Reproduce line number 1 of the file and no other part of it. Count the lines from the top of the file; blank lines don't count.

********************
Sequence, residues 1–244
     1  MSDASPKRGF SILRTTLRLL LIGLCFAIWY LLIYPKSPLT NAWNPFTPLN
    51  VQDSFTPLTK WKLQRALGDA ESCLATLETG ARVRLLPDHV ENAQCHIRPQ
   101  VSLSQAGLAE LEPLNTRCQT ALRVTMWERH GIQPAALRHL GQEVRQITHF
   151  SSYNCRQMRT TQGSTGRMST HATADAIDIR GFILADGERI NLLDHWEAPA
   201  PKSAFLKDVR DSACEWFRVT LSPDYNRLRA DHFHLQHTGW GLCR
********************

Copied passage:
Sequence, residues 1–244